As usual, I’m skipping over some details here. But this should be enough to move on to my main point.

What Python bytecode looks like

Luckily, Python makes it really easy to the bytecode that’s been generated for your code, without using any special tools. Python code can examine its own bytecode, using the built-in dis tool.

Take a function like this:

def add_up(a, b):
    return a + b

Maybe in the past you’ve tried digging into the internals of a function object, and seen that it has some hidden stuff in the __code__ member:

>>> dir(add_up.__code__)
['__class__',
# ... other stuff ...
 'co_argcount',
 'co_cellvars',
 'co_code',
 'co_consts',
 'co_filename',
 'co_firstlineno',
 'co_flags',
 'co_freevars',
 'co_kwonlyargcount',
 'co_lnotab',
 'co_name',
 'co_names',
 'co_nlocals',
 'co_stacksize',
 'co_varnames']

That co_code member looks like it might contain the code, right?

>>> add_up.__code__.co_code
b'|\x00|\x01\x17\x00S\x00'

Looks like it might be the code, but it’s not in a format that we can understand. Not surprising really: as I discussed above, bytecode isn’t meant to be read by humans.

This is where dis comes in:

>>> import dis
>>> dis.dis(add_up)
  2           0 LOAD_FAST                0 (a)
              2 LOAD_FAST                1 (b)
              4 BINARY_ADD
              6 RETURN_VALUE

This is something we can read. It’s a series of instructions:

  • Load the value from a
  • Load the value from b
  • Add the two loaded values
  • Return the value

What exactly do I mean by “load the value”, though? The way to think of it is that Python bytecode doesn’t operate directly on variables, it moves the variable’s value into a working space first. The working space takes the form of a stack, which is a structure that’s a staple of computer science courses but not used all that much by typical programmers, so I’ll step through the details here.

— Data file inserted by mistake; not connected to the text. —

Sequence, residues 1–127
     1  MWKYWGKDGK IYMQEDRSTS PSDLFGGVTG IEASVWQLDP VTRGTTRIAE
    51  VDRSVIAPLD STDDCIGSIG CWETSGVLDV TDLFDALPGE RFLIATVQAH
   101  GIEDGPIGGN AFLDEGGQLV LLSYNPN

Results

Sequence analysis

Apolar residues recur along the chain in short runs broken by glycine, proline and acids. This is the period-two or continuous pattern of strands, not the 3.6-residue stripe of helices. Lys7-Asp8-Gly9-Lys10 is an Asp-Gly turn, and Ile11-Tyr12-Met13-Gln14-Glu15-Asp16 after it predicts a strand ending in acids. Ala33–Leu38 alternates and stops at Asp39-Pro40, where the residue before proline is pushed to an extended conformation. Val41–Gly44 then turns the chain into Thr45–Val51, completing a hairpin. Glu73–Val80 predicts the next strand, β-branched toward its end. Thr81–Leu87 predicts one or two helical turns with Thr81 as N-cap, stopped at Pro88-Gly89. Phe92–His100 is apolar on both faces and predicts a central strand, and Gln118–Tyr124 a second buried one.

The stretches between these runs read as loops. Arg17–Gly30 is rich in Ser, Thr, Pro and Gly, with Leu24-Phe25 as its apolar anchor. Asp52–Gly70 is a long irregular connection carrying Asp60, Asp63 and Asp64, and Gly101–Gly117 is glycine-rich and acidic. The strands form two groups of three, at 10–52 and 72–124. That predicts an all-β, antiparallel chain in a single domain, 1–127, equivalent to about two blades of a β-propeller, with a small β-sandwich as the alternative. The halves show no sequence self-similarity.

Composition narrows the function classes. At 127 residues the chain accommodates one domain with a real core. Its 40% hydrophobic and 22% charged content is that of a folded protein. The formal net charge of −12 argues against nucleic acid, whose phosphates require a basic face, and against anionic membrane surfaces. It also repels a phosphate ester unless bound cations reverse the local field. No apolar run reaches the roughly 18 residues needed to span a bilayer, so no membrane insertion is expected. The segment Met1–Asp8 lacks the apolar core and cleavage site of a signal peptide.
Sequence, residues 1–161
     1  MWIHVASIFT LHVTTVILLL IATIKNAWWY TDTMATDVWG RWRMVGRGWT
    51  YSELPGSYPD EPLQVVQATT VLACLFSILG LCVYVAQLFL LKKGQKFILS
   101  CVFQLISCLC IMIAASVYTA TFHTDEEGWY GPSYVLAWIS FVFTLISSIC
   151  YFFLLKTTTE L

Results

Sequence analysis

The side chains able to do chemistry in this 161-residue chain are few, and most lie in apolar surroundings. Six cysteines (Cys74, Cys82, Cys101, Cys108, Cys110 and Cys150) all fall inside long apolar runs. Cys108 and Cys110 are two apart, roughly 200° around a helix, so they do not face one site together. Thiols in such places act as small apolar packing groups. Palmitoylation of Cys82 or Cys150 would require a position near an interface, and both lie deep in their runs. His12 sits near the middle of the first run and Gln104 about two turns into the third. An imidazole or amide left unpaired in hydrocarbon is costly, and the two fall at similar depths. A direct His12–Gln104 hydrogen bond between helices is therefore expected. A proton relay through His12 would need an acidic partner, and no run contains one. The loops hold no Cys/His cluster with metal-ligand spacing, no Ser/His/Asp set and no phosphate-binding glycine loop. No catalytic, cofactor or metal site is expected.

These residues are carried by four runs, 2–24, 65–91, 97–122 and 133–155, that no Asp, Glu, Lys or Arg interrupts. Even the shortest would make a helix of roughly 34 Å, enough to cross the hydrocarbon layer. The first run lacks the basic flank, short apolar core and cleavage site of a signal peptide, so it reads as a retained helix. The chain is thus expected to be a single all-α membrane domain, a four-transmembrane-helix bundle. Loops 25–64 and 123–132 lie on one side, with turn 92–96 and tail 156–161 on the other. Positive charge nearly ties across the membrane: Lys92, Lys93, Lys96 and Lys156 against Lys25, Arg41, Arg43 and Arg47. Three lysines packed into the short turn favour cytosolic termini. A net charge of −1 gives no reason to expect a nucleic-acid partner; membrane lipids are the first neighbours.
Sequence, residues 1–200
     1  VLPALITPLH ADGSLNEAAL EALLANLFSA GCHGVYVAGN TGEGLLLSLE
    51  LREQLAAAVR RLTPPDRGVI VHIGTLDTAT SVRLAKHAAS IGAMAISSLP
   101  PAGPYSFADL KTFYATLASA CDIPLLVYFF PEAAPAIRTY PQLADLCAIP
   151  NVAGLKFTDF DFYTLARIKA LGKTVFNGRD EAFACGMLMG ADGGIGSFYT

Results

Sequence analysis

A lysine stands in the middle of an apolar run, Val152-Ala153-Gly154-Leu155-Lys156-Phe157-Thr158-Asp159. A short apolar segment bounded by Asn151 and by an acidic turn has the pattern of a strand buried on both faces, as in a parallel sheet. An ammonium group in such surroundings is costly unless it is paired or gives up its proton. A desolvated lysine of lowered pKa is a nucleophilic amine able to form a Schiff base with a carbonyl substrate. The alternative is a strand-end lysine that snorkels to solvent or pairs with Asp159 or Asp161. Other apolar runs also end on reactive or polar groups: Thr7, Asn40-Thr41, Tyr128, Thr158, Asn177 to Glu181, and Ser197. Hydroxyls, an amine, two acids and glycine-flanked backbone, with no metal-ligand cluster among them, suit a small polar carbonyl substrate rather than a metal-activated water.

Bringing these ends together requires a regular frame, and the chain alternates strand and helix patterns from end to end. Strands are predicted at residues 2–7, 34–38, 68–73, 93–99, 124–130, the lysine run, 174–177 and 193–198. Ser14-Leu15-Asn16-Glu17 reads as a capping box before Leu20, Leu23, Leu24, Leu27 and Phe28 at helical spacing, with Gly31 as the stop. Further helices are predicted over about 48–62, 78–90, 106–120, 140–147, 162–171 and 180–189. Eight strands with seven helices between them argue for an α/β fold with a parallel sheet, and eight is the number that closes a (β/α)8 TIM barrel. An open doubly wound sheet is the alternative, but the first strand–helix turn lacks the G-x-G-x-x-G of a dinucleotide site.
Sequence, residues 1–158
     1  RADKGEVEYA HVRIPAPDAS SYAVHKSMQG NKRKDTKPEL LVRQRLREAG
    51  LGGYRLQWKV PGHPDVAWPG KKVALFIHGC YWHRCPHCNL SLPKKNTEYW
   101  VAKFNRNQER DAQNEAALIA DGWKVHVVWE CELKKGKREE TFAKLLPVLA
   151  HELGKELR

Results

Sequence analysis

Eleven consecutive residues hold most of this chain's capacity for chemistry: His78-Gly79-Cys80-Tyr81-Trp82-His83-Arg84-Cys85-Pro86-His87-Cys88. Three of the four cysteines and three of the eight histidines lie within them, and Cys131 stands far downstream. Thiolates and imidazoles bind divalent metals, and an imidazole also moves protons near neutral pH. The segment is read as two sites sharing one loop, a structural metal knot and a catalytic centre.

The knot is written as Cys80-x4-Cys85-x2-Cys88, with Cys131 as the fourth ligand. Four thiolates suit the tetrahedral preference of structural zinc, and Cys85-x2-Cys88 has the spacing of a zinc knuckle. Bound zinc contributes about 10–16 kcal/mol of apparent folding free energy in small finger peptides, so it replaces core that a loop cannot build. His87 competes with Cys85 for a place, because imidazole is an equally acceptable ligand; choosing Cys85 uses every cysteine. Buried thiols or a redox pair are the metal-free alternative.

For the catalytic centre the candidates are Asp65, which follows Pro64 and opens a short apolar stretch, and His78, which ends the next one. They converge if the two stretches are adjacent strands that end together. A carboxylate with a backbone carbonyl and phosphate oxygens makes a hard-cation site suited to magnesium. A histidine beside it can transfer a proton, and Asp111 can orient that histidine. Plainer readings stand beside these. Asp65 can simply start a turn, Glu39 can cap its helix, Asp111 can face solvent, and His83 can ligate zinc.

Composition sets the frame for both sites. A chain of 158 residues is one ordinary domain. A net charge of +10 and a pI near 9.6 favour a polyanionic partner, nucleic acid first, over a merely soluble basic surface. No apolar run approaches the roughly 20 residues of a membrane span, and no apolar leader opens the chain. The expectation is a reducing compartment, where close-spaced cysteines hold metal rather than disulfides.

A stack is a structure where there can be any number of elements stored, but only the element on the end (“top”) is (easily) accessible. This means it can be made very efficient to access, add and remove elements from the top, regardless of how many items it’s storing. All the other elements are accessible, but you have to deal with what’s on the top of the stack and work your way down to the lower elements.

When Python loads a variable into working storage, it copies the value to the top of the stack. For example, let’s assume that a=2 and b=3. The first LOAD_FAST instruction above loads a, the stack looks like:

Then the second instruction loads b, and the stack looks like:

Remember, only the upper element is accessible now.

The next instruction is an add. In Python bytecode that means it always takes the first two elements off the stack, adds them together and puts the result on the stack. It will do this regardless of how many other elements are on the stack; it doesn’t even see them. The result of executing this is to change the values on the stack:

Then the RETURN_VALUE instruction can simply pull the top element off the stack and return it to the calling function. Note the neatness that this function started and ended with an empty stack, because the series of instructions that pull values off exactly balanced the instructions that push values on. You can imagine writing a different series of instructions that doesn’t achieve this: either leaving values on the stack at the end of the function, or trying to pull off more values than the stack has. This isn’t allowed in Python, and will cause the interpreter to crash. Luckily there’s no way for this to happen, other than a bug in the Python compiler, unless you’re building your own bytecode (don’t worry, we’ll try that later…)

There’s a lot more to it, but that’s the basic idea. Hopefully this gives you a better idea of what’s going on when you execute Python code.